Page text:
Network News

X My Profile
View More Activity

McCain's War Stories

A Vietnam veteran down in the polls is touting his service to revive his presidential campaign. In 2003, it was John Kerry. This week, it's Arizona Sen. John McCain. Nearly out of money and plunging in the polls, yesterday his campaign released a 12-minute video that includes footage of McCain as a prisoner of war, fellow prisoners who were in Hanoi with him and his mother Roberta speaking of his virtues. "Can you believe that was the best news I heard in my entire life," Roberta McCain says describing when she was told that McCain had not died in Vietnam, but had been captured and was being held captive.

The ad is perhaps the most direct McCain has been so far in tying his military service to his presidential run. And the campaign plans more efforts to highlight McCain's service. Following the Sept. report from General David Petraeus, the top U.S. commander in Iraq, McCain will visit New Hampshire, Iowa and South Carolina Sept. 12-17 as part of a "No Surrender" tour in which he will tout his support for both the surge and the war in Iraq. Veterans, both those who served with McCain in Vietnam and from the Iraq War, will join McCain at many of the events. This strategy suggests McCain's post Labor Day campaign won't be about sounding like the maverick he was in 2000, but a continued focus on Iraq and national security issues. At this point, he needs that focus to bring a dramatic turnaround to win.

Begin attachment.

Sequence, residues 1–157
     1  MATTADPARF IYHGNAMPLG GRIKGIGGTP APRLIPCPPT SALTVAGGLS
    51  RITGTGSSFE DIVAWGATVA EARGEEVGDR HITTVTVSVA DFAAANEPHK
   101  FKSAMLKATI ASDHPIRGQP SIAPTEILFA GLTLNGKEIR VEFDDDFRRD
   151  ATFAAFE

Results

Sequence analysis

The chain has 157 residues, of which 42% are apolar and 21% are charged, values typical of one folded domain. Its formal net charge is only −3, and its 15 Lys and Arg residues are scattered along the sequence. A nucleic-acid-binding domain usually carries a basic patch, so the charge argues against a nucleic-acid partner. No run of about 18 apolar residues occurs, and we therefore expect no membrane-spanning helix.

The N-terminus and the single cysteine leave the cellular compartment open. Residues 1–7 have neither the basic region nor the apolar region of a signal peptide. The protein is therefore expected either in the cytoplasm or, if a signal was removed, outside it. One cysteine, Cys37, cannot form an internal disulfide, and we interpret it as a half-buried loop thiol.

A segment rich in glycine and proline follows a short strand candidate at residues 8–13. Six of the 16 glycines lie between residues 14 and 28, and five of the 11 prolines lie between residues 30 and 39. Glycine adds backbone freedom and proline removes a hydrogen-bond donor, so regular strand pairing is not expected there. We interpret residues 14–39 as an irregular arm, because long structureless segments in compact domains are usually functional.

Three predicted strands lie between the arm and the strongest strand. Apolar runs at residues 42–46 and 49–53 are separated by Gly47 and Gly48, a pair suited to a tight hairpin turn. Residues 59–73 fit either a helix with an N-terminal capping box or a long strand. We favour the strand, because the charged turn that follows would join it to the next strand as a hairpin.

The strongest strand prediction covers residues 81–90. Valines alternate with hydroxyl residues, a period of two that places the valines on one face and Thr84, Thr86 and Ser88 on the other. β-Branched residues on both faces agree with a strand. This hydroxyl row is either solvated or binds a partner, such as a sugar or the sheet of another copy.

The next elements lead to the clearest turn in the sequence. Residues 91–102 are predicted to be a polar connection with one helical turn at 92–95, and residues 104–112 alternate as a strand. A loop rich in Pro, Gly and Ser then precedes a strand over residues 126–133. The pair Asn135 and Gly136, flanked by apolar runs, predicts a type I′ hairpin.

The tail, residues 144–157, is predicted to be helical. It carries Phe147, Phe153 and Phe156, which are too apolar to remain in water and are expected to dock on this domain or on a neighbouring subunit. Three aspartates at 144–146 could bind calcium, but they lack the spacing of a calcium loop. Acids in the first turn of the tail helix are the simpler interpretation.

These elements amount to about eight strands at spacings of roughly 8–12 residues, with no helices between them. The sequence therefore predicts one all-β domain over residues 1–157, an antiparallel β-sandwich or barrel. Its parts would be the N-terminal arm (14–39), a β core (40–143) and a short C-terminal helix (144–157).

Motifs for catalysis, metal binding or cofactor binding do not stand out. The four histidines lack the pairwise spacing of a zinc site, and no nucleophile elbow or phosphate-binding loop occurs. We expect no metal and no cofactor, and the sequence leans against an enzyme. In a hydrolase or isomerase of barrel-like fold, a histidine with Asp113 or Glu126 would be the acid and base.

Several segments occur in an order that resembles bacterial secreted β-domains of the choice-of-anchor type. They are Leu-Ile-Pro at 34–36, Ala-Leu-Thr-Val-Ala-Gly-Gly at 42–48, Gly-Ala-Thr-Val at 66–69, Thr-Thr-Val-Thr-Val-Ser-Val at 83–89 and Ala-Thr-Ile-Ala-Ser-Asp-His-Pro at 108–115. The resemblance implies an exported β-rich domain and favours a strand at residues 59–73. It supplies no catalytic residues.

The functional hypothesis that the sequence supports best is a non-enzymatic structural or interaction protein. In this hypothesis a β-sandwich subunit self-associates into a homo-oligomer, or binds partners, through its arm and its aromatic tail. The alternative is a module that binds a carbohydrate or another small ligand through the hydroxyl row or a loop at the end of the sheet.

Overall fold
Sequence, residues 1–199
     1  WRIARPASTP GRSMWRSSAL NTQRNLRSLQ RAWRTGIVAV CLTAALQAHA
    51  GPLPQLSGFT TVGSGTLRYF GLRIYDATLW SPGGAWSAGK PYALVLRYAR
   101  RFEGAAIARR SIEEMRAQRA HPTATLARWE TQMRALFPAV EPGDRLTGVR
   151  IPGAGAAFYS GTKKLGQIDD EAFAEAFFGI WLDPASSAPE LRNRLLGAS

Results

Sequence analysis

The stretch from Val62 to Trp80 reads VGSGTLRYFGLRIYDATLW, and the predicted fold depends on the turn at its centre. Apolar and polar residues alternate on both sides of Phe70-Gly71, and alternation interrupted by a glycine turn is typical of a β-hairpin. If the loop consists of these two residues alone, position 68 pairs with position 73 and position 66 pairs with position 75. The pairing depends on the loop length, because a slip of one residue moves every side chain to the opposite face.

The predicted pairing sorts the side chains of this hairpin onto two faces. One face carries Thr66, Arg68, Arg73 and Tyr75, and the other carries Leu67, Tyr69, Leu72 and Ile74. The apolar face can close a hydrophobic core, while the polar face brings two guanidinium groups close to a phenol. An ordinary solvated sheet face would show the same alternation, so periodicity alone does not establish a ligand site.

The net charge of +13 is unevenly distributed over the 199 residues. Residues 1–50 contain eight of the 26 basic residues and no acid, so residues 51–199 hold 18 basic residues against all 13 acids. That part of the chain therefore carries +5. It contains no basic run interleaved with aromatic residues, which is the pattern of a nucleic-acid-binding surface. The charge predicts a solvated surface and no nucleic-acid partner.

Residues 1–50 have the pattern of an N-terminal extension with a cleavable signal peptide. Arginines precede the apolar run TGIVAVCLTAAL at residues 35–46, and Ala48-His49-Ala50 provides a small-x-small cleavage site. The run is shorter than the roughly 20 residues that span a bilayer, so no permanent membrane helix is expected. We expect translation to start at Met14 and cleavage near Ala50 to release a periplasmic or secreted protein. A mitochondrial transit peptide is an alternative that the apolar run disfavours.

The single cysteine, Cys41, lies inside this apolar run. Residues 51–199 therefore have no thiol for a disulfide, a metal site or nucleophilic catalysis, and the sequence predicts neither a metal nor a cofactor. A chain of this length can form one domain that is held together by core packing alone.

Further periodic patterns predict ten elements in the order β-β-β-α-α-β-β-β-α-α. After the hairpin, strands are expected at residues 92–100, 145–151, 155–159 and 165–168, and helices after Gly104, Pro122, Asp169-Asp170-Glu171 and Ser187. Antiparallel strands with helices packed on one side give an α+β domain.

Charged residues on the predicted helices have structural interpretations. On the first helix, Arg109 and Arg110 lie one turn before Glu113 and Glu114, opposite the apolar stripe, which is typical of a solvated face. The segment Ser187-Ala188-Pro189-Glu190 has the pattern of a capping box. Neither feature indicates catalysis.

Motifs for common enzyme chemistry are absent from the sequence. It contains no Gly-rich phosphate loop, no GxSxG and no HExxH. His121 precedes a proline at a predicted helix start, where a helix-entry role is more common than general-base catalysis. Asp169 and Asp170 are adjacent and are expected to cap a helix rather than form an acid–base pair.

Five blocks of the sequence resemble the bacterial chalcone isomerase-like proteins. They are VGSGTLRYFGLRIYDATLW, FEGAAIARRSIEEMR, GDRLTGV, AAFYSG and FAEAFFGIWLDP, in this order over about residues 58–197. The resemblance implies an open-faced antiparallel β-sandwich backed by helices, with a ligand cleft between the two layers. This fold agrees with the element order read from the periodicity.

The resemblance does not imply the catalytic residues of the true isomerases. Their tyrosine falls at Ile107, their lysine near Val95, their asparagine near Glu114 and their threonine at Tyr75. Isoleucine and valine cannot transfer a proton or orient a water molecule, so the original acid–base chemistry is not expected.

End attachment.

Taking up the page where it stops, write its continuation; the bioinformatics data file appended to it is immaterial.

"We are doing so poorly I thought maybe I would announce on this show that I'm running for president," McCain told Jay Leno on "The Tonight Show" earlier this week. "We have obviously made mistakes."

--Perry Bacon Jr.

By Washington Post editors  |  August 30, 2007; 7:19 PM ET
 
Save & Share:  Send E-mail   Facebook   Twitter   Digg   Yahoo Buzz   Del.icio.us   StumbleUpon   Technorati   Google Buzz   Previous: Thompson's Big Announcement
Next: Campaigns Putting the Labor
Back in Labor Day

No comments have been posted to this entry.

The comments to this entry are closed.

 
 
RSS Feed
Subscribe to The Post

© 2010 The Washington Post Company